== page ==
4th Cir.: Upholds Consent Decree Despite Suter and Horne

The Fourth Circuit affirmed the district court’s refusal to vacate a consent decree regarding Maryland’s foster care program.  Both the district court and the Fourth Circuit declined to address whether 42 U.S.C. § 1983 provides a cause of action to enforce the applicable provision of the Adoption Assistance and Child Welfare Act (“AACWA”).  Instead, the circuit court held that Maryland failed to prove that the law of the case was overruled or dead wrong.  L.J. v. Wilbon, 2011 WL 228626 (4 th Cir. Jan. 26, 2011).

This case was initially filed in 1984, alleging serious systemic deficiencies in the Baltimore foster care system.  In 1988, the Fourth Circuit affirmed a preliminary injunction for prospective relief requiring the state to maintain standards for foster homes and operate a case review system for each child in foster care.  Shortly thereafter, the state entered into a consent decree.  Implementation of the decree continued over the next decade, with problems continuing.  A contempt hearing was scheduled in September 2008, but the state offered to negotiate a settlement, postponing the hearing.  In June 2009, an agreement was reached, but before it was entered, in September 2009, the state moved to vacate the 1988 decree and opposed entry of the 2009 modified decree based on intervening Supreme Court cases.

The Fourth Circuit considered whether Horne v. Flores, 129 S.Ct. 2579 (2009), met the standard under Fed. R. Civ. Pro. 60(b)(5) for a significant change in law that renders enforcement of the decree detrimental to the public interest.  Rufo v. Inmates of Suffolk Co., 502 U.S. 367, 384 (1992).  The state relied upon a footnote in Horne indicating that because there was no private right of action to enforce the No Child Left Behind statute, only the government could enforce it. Maryland argued that Horne constituted a significant change in the law.  The Fourth Circuit disagreed, concluding instead that “Horne reinforced the well-established principle that private plaintiffs cannot bring a claim to enforce a statute that lacks a private right of action.”

Nevertheless, the court assumed that Horne did constitute a significant change in law, and considered whether Suter v. Artist M., 503 U.S. 347 (1992), held that there is no cause of action under § 1983 to enforce the AACWA.  After noting that the state’s delay of 18 years in relying on Suter would “bring into question the appropriateness of equitable relief,” the court held that Suter did not overrule the Fourth Circuit’s 1988 decision upholding the preliminary injunction.  The court stated: “Our holding in L.J. II that Appellees had a private right of action to enforce the relevant provisions of AACWA is ‘the law of the case’ and is therefore presumptively controlling, absent proof to the contrary.”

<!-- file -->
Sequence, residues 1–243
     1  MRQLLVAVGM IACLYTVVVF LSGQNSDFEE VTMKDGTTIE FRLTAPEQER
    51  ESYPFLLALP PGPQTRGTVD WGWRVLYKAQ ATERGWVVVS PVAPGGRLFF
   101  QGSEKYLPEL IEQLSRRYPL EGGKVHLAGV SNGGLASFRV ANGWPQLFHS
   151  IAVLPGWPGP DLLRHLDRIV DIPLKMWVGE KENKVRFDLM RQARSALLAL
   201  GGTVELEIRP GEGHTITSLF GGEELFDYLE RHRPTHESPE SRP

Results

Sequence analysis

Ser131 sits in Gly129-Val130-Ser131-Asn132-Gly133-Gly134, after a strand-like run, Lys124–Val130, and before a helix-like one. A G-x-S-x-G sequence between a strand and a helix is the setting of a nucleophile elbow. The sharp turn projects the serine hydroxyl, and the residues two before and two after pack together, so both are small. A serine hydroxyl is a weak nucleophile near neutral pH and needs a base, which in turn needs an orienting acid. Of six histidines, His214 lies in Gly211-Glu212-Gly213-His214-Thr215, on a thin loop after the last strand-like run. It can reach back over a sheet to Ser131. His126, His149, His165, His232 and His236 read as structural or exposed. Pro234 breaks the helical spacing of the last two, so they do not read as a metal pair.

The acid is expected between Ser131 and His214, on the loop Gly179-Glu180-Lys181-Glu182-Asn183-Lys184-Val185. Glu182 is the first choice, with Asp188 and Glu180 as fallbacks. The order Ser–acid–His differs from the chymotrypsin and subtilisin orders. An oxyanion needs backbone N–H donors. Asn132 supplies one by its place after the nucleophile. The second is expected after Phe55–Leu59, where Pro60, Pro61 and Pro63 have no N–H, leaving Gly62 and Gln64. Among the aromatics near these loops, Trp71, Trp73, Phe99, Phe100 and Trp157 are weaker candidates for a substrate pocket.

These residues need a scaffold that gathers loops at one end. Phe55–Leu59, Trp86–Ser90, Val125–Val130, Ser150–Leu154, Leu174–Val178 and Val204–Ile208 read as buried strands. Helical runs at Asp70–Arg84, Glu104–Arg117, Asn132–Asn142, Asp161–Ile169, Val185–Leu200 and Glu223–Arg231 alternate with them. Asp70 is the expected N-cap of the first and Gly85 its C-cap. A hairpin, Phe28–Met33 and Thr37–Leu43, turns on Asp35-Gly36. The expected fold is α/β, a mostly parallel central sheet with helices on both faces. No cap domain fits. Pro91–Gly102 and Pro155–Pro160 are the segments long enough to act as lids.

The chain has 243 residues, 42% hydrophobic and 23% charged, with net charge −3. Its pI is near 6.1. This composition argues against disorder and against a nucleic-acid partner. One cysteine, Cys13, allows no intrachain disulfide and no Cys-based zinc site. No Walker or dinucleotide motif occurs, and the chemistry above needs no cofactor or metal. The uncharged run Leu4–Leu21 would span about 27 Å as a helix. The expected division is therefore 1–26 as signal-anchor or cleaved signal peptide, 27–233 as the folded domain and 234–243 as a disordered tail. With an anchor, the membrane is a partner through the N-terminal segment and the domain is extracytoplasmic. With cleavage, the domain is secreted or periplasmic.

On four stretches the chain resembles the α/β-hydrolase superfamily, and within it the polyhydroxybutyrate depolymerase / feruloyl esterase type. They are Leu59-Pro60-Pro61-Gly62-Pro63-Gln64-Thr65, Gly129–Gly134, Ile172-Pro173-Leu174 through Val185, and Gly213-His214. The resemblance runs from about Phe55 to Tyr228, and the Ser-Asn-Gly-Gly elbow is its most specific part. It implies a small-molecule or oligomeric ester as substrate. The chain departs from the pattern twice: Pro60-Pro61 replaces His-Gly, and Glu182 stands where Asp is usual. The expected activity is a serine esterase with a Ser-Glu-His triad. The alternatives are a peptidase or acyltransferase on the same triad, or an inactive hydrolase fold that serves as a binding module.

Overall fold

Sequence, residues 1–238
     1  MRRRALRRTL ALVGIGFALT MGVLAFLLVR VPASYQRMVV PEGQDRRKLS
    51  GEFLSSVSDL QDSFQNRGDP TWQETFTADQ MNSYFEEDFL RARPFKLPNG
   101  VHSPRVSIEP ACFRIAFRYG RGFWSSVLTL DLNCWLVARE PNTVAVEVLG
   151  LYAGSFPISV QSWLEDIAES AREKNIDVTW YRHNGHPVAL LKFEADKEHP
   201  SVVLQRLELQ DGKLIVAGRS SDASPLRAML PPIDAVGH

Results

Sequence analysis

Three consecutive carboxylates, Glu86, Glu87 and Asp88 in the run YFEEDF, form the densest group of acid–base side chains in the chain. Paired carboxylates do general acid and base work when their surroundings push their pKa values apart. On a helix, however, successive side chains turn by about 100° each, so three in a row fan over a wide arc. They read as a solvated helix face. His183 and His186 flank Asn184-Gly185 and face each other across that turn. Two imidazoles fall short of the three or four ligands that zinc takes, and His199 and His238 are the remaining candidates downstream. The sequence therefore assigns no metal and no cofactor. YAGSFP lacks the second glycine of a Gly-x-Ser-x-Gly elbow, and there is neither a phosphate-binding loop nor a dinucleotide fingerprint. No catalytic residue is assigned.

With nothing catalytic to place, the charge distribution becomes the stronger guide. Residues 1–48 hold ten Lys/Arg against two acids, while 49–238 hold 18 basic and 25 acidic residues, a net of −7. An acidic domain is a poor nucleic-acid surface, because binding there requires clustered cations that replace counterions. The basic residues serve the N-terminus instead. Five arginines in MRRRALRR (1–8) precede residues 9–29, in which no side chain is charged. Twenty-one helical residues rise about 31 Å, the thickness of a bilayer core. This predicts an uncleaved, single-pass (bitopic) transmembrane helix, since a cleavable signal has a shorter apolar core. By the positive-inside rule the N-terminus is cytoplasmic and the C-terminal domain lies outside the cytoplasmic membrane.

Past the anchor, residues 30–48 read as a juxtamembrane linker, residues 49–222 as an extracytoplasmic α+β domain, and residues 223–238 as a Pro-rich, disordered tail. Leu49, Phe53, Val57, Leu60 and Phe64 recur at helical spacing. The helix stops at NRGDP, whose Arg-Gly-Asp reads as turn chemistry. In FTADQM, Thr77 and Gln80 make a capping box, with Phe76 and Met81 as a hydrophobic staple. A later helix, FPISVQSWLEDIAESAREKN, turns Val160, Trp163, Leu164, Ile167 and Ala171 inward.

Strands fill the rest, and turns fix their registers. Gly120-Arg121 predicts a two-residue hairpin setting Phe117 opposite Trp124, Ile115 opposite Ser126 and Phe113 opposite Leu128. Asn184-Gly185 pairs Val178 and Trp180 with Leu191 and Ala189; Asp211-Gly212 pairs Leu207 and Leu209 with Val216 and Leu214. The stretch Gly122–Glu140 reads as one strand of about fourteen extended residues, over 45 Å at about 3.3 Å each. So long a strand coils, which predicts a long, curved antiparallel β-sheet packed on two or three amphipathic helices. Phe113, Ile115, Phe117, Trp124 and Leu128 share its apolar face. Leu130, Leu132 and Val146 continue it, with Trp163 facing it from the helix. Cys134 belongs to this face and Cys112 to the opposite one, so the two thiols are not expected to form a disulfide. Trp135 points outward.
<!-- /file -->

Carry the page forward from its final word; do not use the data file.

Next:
The Fourth Circuit observed that Suter had held that 42 U.S.C. §§ 671(a)(9) and (15) of the AACWA were not privately enforceable under § 1983, because the provisions were too vague for private enforcement.  Suter also held, the court explained, that since the requirements were included in a list of items for a state plan, all that was required of the state was to have a state plan, not to actually follow the requirements.  But Congress passed a statute specifically disapproving the rationale in Suter regarding the unenforceability of requirements in state plans, though not overruling the result.  42 U.S.C. § 1320a-2.  The Fourth Circuit stated: “Whether a plaintiff has a right to bring an action under a particular provision of AACWA requires a section-specific inquiry.”  The L.J. case concerned 42 U.S.C. §§ 671(16), 675(1), and 675(5)(b), which were not addressed in Suter.  The Fourth Circuit concluded that Maryland had “failed to establish that Suterforecloses a private plaintiff’s ability to bring an action pursuant to 42 U.S.C. § 671(a)(16).”  The court also noted that Suter quotedRufo for the principle that “parties may agree to provisions in a consent decree which exceed the requirements of federal law.”

Public Justice Center represents the plaintiffs.  The case was initially brought by the Legal Aid Bureau of Maryland.

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